BizTalk Tips & Things

Agustin Mantaras BizTalk Blog

BizTalk Backup Files – deleting the old ones

The BizTalk Back Up job does not delete the old files for safety reasons.  This obviously must be addressed by you.

The proposed solution will take advantage of the out of the box database Back Up mechanism to avoid using extra tasks or external procedures.

REALLY Important Note One: This is the crazy coding way to achieve it

Thanks to my mate, Stephan Pepersack, who has just asked me “ Cool but, Why not just create a SQL Server Maintenance Job that deletes the files????  🙂


REALLY Important Note Two: This is not an out of the box feature

As it is going to be coded by YOU, it has never been tested. So, may not be supported by Microsoft


Having a look at the BizTalk Backup Job

Go to the SQL Server Agent node on SQL Server management Studio and locate the BizTalk BackUp Job. Go to Stepsimage

Basically, this how the backup process creates the Files:

  1. BackUpFull: As the name states will create the full backup of each database included in the process
  2. MarkAndBacupLog: will create the backup of the transactional logs (more complex than that but by the moment it is all we need to know)
  3. Clear Backup History:  will delete the internal old backup table rows responsible to log the backup operations already completed. This table is called  adm_BackupHistory

This is  the step we need to focus on.

Now, Click on Edit button to see what is running in this step.


As you can see, it runs a stored procedure called sp_DeleteBackUpHistory. As it name states, will delete the history rows older than @DaysToKeep days ago (in the table adm_BackupHistory ), in other words, in this case,  will retain 14 days of activity.

The plan is this:

We are going to create a new stored procedure to substitute the shipped one adding the delete files functionality in the same way the adm_BackupHistory is being  updated.  In this case: deleting the files older than 14 days.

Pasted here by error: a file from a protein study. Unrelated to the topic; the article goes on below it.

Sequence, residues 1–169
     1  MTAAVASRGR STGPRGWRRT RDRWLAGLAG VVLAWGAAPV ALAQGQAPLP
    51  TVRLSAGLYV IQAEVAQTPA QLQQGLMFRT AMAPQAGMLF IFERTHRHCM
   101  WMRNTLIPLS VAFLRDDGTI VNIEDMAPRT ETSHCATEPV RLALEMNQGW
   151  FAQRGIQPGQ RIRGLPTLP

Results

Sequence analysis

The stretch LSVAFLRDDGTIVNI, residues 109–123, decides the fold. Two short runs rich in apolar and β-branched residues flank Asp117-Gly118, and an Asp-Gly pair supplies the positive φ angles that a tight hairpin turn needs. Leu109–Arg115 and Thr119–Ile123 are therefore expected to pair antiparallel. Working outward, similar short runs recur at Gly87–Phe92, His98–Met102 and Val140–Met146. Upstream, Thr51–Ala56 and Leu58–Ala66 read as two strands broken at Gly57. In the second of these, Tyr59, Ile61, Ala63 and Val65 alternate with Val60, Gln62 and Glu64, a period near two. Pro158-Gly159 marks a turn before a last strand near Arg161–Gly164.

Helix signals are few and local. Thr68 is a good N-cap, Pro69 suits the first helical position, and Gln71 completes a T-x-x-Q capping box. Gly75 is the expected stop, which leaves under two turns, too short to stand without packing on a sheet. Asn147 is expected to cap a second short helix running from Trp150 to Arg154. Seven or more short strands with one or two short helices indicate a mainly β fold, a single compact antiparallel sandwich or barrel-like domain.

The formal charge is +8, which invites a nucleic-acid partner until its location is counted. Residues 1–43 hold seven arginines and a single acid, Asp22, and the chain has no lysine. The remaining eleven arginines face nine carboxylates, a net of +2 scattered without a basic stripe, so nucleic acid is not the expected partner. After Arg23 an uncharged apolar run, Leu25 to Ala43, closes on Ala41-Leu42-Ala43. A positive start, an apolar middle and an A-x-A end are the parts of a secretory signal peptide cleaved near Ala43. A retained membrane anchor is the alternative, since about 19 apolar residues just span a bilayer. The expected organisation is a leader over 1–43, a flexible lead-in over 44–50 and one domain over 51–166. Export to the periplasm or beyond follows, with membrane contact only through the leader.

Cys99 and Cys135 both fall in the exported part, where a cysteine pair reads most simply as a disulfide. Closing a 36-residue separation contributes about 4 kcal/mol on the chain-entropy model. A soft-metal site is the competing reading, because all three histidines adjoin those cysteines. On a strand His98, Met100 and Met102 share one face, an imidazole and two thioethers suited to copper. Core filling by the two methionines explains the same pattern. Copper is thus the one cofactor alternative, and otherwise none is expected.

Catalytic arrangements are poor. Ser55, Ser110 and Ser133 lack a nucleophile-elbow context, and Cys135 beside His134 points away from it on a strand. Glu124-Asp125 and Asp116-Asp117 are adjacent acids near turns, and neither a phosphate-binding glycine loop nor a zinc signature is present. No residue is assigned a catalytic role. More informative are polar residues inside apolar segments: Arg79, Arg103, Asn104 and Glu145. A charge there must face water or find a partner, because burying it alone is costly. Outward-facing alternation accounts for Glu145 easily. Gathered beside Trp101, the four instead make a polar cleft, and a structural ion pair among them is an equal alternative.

Prerequisites (xp_cmdshell )

To delete de files we are using the DOS command: del. In order to grant SQL Server to run it, is needed to ensure xp_cmdshell is activated on the SQL Server instance.

Just open a new SQL query on SQL Server Management Studio and try to run the following code:

EXEC xp_cmdshell 'dir c:\'

if you get an error like this:

Msg 15281, Level 16, State 1, Procedure xp_cmdshell, Line 1
SQL Server blocked access to procedure 'sys.xp_cmdshell' of component 'xp_cmdshell' because this component is turned off as part of the security configuration for this server. A system administrator can enable the use of 'xp_cmdshell' by using sp_configure. For more information about enabling 'xp_cmdshell', see "Surface Area Configuration" in SQL Server Books Online.

You will need to activate xp_cmdshell execution


How to activate xp_cmdshell execution

just run the following T-SQL Script:

--to see the current configured settings on the instance--

exec sp_configure

exec sp_configure 'xp_cmdshell', 1 -–Activates the xp_cmdShell Execution
RECONFIGURE  –Applies the changes


1. Be aware that this procedure will apply all pending configurations. You need to ensure that running the RECONFIGURE command will cause no problems on your environment.

2. For security reasons you may not activate the xp_cmdShell. Someone with T-SQL execution access can execute malicious code against your server.


The sp_DeleteBackupHistoryCustom procedure

Run the following T-SQL query to create the procedure.

USE [BizTalkMgmtDb]






CREATE PROCEDURE [dbo].[sp_DeleteBackupHistoryCustom] @DaysToKeep smallint = null



DECLARE @BackupFileName varchar(255), @BackupFileLocation varchar(255)

DECLARE @CmdCommand varchar (300)

set nocount on

IF @DaysToKeep IS NULL OR @DaysToKeep <= 0



Only delete full sets

If a set spans a day such that some items fall into the deleted group and the other don’t don’t delete the set


/*we get all the files to delete from table  [adm_BackupHistory] */

–A cursor is opened

DECLARE Backup_cursor CURSOR


SELECT [BackupFileName]


FROM [dbo].[adm_BackupHistory]

WHERE datediff( dd, [BackupDateTime], getdate() ) >= @DaysToKeep

AND [BackupSetId] NOT IN ( SELECT [BackupSetId] FROM [dbo].[adm_BackupHistory] [h2] WHERE [h2].[BackupSetId] = [BackupSetId] AND datediff( dd, [h2].[BackupDateTime], getdate() ) < @DaysToKeep )

OPEN Backup_cursor

FETCH NEXT FROM Backup_cursor INTO @BackupFileName, @BackupFileLocation





SET @CmdCommand = ‘del ‘ + @BackupFileLocation + ‘\’ + @BackupFileName

EXEC master..xp_cmdShell @CmdCommand  — Deleting the files


FETCH NEXT FROM Backup_cursor INTO @BackupFileName, @BackupFileLocation


CLOSE Backup_cursor

DEALLOCATE Backup_cursor

–Historic deletion logic

DELETE [dbo].[adm_BackupHistory]

WHERE datediff( dd, [BackupDateTime], getdate() ) >= @DaysToKeep

AND [BackupSetId] NOT IN ( SELECT [BackupSetId] FROM [dbo].[adm_BackupHistory] [h2] WHERE [h2].[BackupSetId] = [BackupSetId] AND datediff( dd, [h2].[BackupDateTime], getdate() ) < @DaysToKeep )



The final step will be to edit the Clear Backup History step by calling the already created stored procedure sp_DeleteBackupHistoryCustom

That’s all! 🙂